One of the brightest heads around the club, Jamie Macmillan was a leader in the club’s most recent trip to Utah for pre-season training, showcasing his leadership abilities. The silky-smooth half-back should cement a position in the Roo side after playing nine games in 2011, not helped by a fractured cheekbone sustained in a head-on collision with Richard Douglas against Adelaide in Round 11.

After being promoted onto the senior list, Luke Delaney has every chance to make the full back position his own. Grima won’t be his best friend though, so it’ll be interesting to see who gets the nod. In the Mick Martyn mould, he is not as athletic as Grima, but has a better capability to shut down the likes of Jonathon Brown and Josh Kennedy. His spoiling is superb, and he can take a mark. Has good speed too. Headed to Utah early to get a head-start on his pre-season training.

Younger brother of Luke, Cameron Delaney is a tall defender with good speed capable of playing at Centre Half Back, or even as a running defender if need be. Along with his brother, he spent extra time in Utah in a good show of dedication.

Time is running out for Robbie Tarrant to establish himself as a player North need to keep on their list. Another lacklustre season and he’ll be delisted, no questions asked. After being groomed as a key forward, he was transformed into a potential defensive beast, and played seven games in 2011, the most he has strung together in a year. Struggled to keep up with the demands of the AFL level, and kept finding himself back in the VFL. Needs a big year.

While not a trade that made headlines in the Herald Sun, Will Sierakowski is a good acquisition for North Melbourne. Has great pace and endurance, which was evident after he won one of our pre-season time trials, and has incredible foot skills. Will be a weapon off half back if he gets a game.

With three games of AFL experience under his belt, rookie Aaron Mullett will be keen to impress in his second year in the system. Played the final few games of the season and was impressive with his ability to find the ball and hit targets in the midfield. Only barrier is that he’s still on the rookie list, so may have to wait until after Round 11 to get another shot.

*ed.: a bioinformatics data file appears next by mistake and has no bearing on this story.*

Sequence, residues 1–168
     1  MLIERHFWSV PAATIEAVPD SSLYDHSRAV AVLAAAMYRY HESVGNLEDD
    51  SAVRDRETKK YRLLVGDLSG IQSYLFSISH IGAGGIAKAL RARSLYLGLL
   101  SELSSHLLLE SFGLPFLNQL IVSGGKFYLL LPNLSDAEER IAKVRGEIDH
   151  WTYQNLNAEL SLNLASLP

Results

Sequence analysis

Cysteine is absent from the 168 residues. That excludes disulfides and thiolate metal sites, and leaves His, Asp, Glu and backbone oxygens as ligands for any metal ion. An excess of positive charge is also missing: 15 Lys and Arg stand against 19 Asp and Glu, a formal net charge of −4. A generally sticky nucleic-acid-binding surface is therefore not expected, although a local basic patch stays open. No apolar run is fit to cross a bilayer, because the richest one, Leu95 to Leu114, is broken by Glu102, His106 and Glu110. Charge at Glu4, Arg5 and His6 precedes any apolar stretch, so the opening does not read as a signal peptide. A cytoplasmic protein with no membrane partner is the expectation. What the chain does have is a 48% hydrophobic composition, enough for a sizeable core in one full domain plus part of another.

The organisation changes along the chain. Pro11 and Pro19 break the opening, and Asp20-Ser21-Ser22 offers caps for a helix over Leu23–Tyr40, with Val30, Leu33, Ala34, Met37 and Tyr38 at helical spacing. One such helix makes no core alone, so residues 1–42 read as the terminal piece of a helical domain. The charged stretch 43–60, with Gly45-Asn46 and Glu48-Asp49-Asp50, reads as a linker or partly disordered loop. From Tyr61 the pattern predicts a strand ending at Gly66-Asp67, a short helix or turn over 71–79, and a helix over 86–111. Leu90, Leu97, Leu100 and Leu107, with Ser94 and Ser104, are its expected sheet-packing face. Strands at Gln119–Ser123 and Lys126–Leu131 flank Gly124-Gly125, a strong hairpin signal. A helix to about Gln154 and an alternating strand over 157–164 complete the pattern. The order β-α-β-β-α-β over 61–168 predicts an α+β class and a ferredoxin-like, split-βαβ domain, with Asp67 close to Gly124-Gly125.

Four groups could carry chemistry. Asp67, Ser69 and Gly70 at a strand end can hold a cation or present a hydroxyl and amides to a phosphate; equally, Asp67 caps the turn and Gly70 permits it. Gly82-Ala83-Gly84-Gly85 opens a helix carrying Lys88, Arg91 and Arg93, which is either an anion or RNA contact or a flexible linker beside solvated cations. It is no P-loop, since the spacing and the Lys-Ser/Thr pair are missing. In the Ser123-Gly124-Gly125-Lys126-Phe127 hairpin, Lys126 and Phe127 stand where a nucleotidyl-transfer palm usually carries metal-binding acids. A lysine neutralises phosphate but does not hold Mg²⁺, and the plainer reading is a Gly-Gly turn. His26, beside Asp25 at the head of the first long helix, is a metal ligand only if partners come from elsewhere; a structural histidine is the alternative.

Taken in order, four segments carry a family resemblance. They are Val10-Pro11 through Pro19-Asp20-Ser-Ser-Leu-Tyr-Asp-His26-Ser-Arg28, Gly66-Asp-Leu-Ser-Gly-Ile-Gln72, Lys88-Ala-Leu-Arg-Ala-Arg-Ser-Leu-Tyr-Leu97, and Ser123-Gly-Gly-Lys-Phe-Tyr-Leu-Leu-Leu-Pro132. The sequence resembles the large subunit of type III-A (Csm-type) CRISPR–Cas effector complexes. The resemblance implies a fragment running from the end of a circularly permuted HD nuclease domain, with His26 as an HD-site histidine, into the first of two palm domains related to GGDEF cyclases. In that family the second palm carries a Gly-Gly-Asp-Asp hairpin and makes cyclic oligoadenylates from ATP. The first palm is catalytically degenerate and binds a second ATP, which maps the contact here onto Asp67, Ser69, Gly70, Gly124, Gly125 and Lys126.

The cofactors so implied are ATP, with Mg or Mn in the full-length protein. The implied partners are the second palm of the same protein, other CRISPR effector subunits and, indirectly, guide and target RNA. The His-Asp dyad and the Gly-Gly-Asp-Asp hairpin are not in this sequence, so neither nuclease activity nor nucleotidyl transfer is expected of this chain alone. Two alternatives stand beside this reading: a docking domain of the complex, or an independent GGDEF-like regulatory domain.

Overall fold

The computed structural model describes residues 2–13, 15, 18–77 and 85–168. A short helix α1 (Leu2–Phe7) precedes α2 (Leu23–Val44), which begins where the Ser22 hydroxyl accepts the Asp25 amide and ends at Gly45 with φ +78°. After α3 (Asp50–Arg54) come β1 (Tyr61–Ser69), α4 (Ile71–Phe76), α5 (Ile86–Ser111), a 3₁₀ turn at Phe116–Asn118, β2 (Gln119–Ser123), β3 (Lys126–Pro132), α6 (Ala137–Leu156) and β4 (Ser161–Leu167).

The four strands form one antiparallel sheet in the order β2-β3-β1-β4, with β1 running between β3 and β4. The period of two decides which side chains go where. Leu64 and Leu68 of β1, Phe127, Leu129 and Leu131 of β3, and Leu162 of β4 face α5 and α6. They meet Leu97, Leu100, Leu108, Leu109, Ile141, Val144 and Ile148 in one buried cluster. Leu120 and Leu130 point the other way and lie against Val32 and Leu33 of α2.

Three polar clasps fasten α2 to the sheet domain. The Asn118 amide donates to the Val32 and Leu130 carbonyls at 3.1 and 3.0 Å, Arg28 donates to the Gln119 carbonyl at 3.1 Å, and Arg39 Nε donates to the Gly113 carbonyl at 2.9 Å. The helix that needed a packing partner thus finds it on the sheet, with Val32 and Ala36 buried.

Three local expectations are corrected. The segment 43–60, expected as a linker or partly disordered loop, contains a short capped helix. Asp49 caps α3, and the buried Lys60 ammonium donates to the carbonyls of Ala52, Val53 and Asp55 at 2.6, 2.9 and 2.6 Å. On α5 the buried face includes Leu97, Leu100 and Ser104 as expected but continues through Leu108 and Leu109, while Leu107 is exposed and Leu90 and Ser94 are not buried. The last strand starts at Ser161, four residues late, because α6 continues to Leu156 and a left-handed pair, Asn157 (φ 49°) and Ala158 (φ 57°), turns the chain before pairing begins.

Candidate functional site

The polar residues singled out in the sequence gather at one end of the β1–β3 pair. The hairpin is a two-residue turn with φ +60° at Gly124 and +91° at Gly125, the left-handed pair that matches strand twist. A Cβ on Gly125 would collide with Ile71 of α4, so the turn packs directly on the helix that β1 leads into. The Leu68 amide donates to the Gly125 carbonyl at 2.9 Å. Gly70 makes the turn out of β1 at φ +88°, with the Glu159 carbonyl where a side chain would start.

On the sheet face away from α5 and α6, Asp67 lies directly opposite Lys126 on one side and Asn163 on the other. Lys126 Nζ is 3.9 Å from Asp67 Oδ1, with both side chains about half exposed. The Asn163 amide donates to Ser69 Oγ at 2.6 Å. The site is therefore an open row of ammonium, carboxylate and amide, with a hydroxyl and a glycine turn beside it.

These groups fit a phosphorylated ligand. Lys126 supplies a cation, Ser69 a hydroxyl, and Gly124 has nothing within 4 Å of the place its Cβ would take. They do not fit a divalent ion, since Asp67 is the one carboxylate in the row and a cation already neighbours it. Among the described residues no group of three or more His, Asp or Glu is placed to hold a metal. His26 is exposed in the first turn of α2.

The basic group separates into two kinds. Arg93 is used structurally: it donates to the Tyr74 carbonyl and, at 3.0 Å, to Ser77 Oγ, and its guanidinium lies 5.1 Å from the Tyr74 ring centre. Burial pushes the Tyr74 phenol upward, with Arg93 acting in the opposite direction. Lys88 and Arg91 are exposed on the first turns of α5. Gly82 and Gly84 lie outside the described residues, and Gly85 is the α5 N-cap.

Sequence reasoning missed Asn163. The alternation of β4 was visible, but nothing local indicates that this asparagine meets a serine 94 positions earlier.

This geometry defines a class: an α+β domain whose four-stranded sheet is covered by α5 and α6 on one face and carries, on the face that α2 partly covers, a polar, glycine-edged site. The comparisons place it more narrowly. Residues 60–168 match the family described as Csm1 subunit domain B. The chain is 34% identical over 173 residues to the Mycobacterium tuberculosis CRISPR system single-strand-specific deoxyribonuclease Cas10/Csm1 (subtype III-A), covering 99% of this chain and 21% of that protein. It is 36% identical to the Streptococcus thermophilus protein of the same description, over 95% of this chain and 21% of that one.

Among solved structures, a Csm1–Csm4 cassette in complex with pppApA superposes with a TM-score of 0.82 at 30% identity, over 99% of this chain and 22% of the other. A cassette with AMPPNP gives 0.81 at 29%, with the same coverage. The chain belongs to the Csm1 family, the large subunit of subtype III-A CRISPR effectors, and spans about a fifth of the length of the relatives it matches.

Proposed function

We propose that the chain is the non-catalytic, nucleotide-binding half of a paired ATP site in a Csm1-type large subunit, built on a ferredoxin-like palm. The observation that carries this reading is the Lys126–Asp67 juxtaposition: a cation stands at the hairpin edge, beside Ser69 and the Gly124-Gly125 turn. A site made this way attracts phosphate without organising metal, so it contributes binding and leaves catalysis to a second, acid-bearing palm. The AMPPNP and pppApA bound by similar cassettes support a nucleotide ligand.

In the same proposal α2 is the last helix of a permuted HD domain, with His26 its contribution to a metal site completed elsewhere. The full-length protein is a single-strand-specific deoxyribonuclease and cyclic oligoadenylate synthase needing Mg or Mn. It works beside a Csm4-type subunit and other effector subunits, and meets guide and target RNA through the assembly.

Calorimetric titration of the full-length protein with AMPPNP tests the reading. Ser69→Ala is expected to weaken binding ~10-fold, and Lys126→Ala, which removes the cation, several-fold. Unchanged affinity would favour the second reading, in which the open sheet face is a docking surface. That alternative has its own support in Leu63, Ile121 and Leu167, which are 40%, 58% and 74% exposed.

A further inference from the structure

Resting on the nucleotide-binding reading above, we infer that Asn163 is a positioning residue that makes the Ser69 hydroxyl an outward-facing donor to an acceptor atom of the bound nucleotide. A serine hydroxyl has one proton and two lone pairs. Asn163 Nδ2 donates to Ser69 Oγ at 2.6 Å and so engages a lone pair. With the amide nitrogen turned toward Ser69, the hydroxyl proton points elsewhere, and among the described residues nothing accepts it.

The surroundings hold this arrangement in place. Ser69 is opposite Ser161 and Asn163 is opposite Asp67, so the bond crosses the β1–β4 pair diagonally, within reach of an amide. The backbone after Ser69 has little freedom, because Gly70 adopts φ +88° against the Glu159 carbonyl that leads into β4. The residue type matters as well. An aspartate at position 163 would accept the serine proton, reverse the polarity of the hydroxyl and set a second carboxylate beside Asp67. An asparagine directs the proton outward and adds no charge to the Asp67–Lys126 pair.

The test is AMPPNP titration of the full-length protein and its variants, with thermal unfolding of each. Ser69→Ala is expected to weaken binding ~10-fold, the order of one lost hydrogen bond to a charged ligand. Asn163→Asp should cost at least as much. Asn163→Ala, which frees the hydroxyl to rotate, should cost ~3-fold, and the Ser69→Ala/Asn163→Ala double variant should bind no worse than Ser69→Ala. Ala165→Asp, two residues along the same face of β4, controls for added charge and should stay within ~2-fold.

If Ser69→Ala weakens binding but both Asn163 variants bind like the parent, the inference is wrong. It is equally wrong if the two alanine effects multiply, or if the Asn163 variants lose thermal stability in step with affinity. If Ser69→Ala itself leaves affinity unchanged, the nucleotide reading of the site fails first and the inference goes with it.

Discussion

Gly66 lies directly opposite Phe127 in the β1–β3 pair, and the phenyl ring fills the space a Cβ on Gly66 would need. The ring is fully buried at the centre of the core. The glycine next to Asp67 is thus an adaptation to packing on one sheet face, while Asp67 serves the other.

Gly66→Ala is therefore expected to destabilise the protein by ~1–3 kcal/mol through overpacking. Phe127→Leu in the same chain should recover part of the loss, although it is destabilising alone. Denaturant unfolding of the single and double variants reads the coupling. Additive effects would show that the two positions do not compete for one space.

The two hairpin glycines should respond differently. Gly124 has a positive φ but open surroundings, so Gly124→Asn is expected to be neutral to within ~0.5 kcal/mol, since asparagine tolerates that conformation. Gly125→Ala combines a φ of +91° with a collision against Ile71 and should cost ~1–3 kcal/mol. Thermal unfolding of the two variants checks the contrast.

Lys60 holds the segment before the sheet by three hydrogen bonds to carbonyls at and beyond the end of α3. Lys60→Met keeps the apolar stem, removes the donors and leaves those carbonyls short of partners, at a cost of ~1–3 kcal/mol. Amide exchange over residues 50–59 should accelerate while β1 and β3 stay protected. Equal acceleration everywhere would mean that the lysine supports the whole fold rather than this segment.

Best backline line-up

B: McMahon | Grima | Firrito

HB: Macmillan | | Thompson

 

MIDFIELD

With yet another interrupted start to the season sustained in the NAB Cup, it took until Round 10 for Levi Greenwood to play his first game. So far this pre-season he hasn’t missed a beat and his endurance levels are at an all-time high. With even more muscle bulked onto his already impressive frame, he looks an imposing figure for opposition midfielders.

After winning his second Syd Barker Medal, Andrew Swallow has the AFL at his feet. Combine his ability to find the ball at will with his hardness at the contest and you have an elite footballer with slick skills. Will play every game and will most likely win another Best and Fairest.

Also winning the Syd Barker Medal in 2011 was Daniel Wells. After years of not fulfilling his full potential, he strung together a consistent seasons full of highlights which netted his first Best and Fairest victory. After an end-of-season shoulder operation, doctors found blood clots in his lungs, so his pre-season has involved strictly no contact as he is on blood-thinning medication. May not be ready for the opening rounds of the season, but will be back by at least Round 4. His fitness will be even better than last year.

Off the back of a break-out season, Jack Ziebell has been slaving away in the high hills of Utah getting his fitness to an extraordinary level. Playing every game of the season for the first time is already out of question, with Jay-Z facing a two game suspension to start the year.  Ready to take the next step.

Also ready to take a big step is Ben Cunnington. Taken with pick 5 in the 2009 Draft, he has had an average start to his career, playing 34 out of a possible 44 games. He has been played in the midfield, off half back and in the back pocket as a tagger, but his true position is in the guts. Improved fitness from another pre-season should see him start to dominate games with his brute strength. His ability to hit a pack and come out with the ball ready to flick out a handball is priceless.